generation, Rabbi Eliezer, a man of 90, was ordered by the servants of Antiochus to eat pork so
that others would do the same. When he refused, they suggested to him that he pick up the meat
to his lips to appear to be eating. But Rabbi Eliezer refused to do even that and was put to
There were thousands of others who likewise sacrificed their lives. The famous story of Hannah
and her seven children happened at that time.
Antiochus's men went from town to town and from village to village to force the inhabitants
to worship pagan gods. Only one refuge area remained and that was the hills of Judea,
where faithful Jews hid in caves. But even there did the Syrians pursue the faithful Jews, and many
died a martyr's death.
One day, the henchmen of Antiochus arrived in the village of Modin where Yochanan's son, the old preist Mattityahu, lived with his five sons -- Simon, Elazar, Judah, Yochanan, and Jonathan.
The Syrian officer built an altar in the marketplace of the village and demanded that Mattityahu
offer sacrifices to the Greek gods. Mattityahu replied, "I, my sons and my brothers are determined to
remain loyal to the covenant which our G‑d made with our ancestors!"
Thereupon, a Hellenistic Jew approached the altar to offer a sacrifice. Mattityahu grabbed his sword
and killed him, and his sons and friends fell upon the Syrian officers and men. They killed many of them
and chased the rest away. They then destroyed the altar.
Mattityahu knew that Antiochus would be enraged when he heard what had happened. He would certainly send an expedition to punish him and his followers. Mattityahu, therefore, left the village of Modin and fled together with his sons and friends to the hills of Judea.
Many loyal and courageous Jews joined them, rallying under Mattityahu's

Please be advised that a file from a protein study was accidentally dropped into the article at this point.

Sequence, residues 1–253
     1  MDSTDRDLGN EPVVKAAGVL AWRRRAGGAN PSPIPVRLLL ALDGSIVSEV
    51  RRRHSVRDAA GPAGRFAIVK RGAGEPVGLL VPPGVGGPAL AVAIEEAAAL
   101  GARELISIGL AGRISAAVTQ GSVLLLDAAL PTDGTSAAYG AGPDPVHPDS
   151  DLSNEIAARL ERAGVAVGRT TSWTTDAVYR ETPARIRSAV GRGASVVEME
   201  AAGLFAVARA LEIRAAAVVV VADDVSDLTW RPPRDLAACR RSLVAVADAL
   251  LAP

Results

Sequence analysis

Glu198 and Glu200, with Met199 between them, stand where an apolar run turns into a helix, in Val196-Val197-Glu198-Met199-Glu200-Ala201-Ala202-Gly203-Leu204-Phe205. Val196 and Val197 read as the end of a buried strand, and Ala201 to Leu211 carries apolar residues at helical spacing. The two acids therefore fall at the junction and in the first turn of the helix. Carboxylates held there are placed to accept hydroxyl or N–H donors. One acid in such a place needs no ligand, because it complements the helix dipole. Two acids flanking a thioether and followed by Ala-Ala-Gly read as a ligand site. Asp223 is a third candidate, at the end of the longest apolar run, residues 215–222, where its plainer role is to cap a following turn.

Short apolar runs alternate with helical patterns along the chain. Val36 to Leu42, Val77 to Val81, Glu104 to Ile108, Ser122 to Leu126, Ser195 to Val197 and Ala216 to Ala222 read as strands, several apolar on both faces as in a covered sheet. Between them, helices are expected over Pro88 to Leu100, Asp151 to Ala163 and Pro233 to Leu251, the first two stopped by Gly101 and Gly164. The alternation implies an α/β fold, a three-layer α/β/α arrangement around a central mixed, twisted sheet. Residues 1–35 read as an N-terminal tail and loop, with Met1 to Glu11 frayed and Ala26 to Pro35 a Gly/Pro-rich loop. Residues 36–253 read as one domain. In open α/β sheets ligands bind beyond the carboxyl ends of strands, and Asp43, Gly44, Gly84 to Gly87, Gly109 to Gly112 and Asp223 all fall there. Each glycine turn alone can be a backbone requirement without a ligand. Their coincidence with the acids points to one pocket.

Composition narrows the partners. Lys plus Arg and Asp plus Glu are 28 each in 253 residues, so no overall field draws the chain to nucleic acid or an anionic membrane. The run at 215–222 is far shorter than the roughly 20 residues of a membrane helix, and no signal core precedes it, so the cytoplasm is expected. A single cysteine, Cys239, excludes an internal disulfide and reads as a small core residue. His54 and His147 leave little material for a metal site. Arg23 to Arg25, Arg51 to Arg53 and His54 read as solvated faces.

battle cry, "All who faithful to G‑d, follow me!" They formed legions and
from time to time they left their hiding places to fall upon enemy detachments
and outposts, and to destroy the pagan altars that were built by order of Antiochus.
Before his death, Mattityahu called his sons together and urged them to continue
to fight in defense of G‑d's Torah. He asked them to follow the counsel of their brother,
Simon the Wise. In waging warfare, he said, their leader should be Judah the Strong.
Judah was called "Maccabee," a word composed of the initial letters of the four Hebrew words
inscribed on his banner, Mi Kamocha Ba'eilim Hashem, "Who is like unto Thee amongst
the mighty, O G‑d."
Antiochus sent his general Apolonius to wipe out Judah and his followers, the Maccabees.
Though greater in number and equipment than their adversaries, the Syrians were defeated
by the Maccabees. Antiochus sent out another expedition which also was defeated. He realized
that only by sending a powerful army could he hope to defeat Judah and his brave fighting men.
An army consisting of more than 40,000 men swept the land under the leadership of two commanders,
Nicanor and Gorgiash. When Judah and his brothers heard of that, they exclaimed: "Let us fight unto
death in defense of our souls and our Temple!" The people assembled in Mitzpah, where Samuel,
the prophet of old, had offered prayers to G‑d. After a series of battles the war was won.
Now the Maccabees returned to Jerusalem to liberate it. They entered the Temple and cleared
it of the idols placed there by the Syrian invaders. Judah and his followers built a new altar,
which he dedicated on the 25th of the month of Kislev, in the year
3622 from creation (139 BCE).
The golden Menorah had been stolen by the Syrians. Lacking the means to
replace it, the Maccabees now made one of cheaper metal. But there was no
pure, sacred olive oil to light it with, for everything had been defiled by the
enemy. Finally, they found a small cruse of pure olive oil bearing the
seal of the High Priest Yochanan. It was sufficient to light only for one day.
By a miracle of G‑d, it continued to burn for eight days, until new oil could be obtained,
demonstrating to all that G‑d had again taken
His people under His protection. In commemoration, our sages established these
eight days as the annual festival of lights, Chanukah.